Writers and Their Ruses
But now comes the Daily Southtown's Paul Ladewski and his absurd baseball Hall of Fame ballot, and I just can't keep silent. He submitted a blank ballot in what he called a test to provide further evidence that the steroid era in baseball wasn't a charade as it concerns first ballot nominees Cal Ripken, Jr., and Tony Gwynn. He says he wants to wait a year or two in case more evidence is uncovered in the ongoing steroid investigations.
But a closer reading of his column explaining his actions reveals a deeper, more hidden agenda:
"Besides, what makes Gwynn and Ripken so special that they deserve to be unanimous selections?
Walter Johnson, Cy Young and Honus Wagner didn't receive such Hall passes. Neither did Lou Gehrig, Babe Ruth and Ted Williams. In fact, nobody has in the history of the game.
Based on the standards set by the Hall of Fame voters decades ago, is there a neutral observer out there who can honestly say Gwynn and Ripken should be afforded an unprecedented honor?"
Is Mr. Ladewski's real problem all the talk about Ripken and Gwynn possibly being unanimous inductees? And is his abstaining from voting on the grounds of possible steroid use just a ruse to hide his indefensible position of not wanting them to have an honor that Ruth, Gehrig and Williams never received?If steroids were really the question, couldn't he find a few more worthy candidates whose service time didn't conflict with the so-called Steroid Era of 1993-2004?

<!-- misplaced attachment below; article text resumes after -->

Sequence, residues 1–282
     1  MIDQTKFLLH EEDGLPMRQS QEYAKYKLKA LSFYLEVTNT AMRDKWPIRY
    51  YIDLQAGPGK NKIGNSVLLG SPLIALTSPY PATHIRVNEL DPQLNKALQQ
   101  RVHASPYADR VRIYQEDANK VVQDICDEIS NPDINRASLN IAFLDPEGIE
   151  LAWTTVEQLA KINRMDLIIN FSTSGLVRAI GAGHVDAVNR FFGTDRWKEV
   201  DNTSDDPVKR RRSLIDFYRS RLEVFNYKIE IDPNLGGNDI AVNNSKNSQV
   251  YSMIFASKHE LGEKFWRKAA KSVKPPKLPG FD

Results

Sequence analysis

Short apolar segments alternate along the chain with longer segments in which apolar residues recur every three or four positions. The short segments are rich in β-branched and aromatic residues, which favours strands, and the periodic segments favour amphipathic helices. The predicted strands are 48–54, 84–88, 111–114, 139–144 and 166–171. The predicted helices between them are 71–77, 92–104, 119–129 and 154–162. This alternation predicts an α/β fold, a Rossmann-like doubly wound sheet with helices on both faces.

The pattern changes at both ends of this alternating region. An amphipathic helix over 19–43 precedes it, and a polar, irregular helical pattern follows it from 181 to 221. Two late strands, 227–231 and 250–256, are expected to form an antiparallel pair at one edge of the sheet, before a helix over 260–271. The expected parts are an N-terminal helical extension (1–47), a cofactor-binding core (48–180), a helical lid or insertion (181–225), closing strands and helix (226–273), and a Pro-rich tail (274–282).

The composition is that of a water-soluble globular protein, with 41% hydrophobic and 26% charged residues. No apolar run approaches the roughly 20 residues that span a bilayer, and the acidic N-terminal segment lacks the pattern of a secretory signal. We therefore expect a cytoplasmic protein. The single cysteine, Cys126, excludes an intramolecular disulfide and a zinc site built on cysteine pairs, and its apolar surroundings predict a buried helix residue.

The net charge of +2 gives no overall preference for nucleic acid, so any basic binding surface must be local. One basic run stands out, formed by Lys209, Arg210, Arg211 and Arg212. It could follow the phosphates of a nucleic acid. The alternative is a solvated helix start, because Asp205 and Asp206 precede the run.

Say a Jim Rice, perhaps? Or Bert Blyleven? Or maybe even an Andre Dawson?
To summarily reject all Hall of Fame candidates based on his disdain for the possibility of cheating would mean removal from Cooperstown of known spitball pitchers, George Brett and his pine-tar bat, and anyone who may or may not have used a corked bat from time to time. Show me a player from the late '70s to the late '90s who doesn't fall under that cloud of suspicion.
My suspicion is that he just didn't like the idea of anyone being unanimously voted in, but maybe Ladewski's blank ballot was just a political statement on the Steroid Era of baseball. However, if that's truly the case, will he abstain from voting until any and all players from the same era are no longer eligible for the Hall of Fame? Will he turn in a blank ballot next year too? If that's the case, he'll be waiting a long time before he ever votes again.
(Editor's note: In the interest of full disclosure, the Daily Southtown is the one newspaper I actually receive each morning on my porch, and prior to his last column, I'd always considered Mr. Ladewski to be a capable and diligent writer which makes this recent admission and submission that much harder to comprehend.)